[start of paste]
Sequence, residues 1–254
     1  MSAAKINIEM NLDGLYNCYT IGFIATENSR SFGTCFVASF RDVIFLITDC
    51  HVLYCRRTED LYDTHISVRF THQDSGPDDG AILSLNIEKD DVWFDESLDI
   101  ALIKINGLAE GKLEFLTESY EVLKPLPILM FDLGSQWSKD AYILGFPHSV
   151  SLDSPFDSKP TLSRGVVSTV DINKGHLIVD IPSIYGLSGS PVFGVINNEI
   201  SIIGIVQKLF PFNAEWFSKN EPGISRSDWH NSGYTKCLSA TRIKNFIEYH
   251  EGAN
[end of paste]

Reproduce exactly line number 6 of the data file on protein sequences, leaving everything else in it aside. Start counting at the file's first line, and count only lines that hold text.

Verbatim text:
   201  SIIGIVQKLF PFNAEWFSKN EPGISRSDWH NSGYTKCLSA TRIKNFIEYH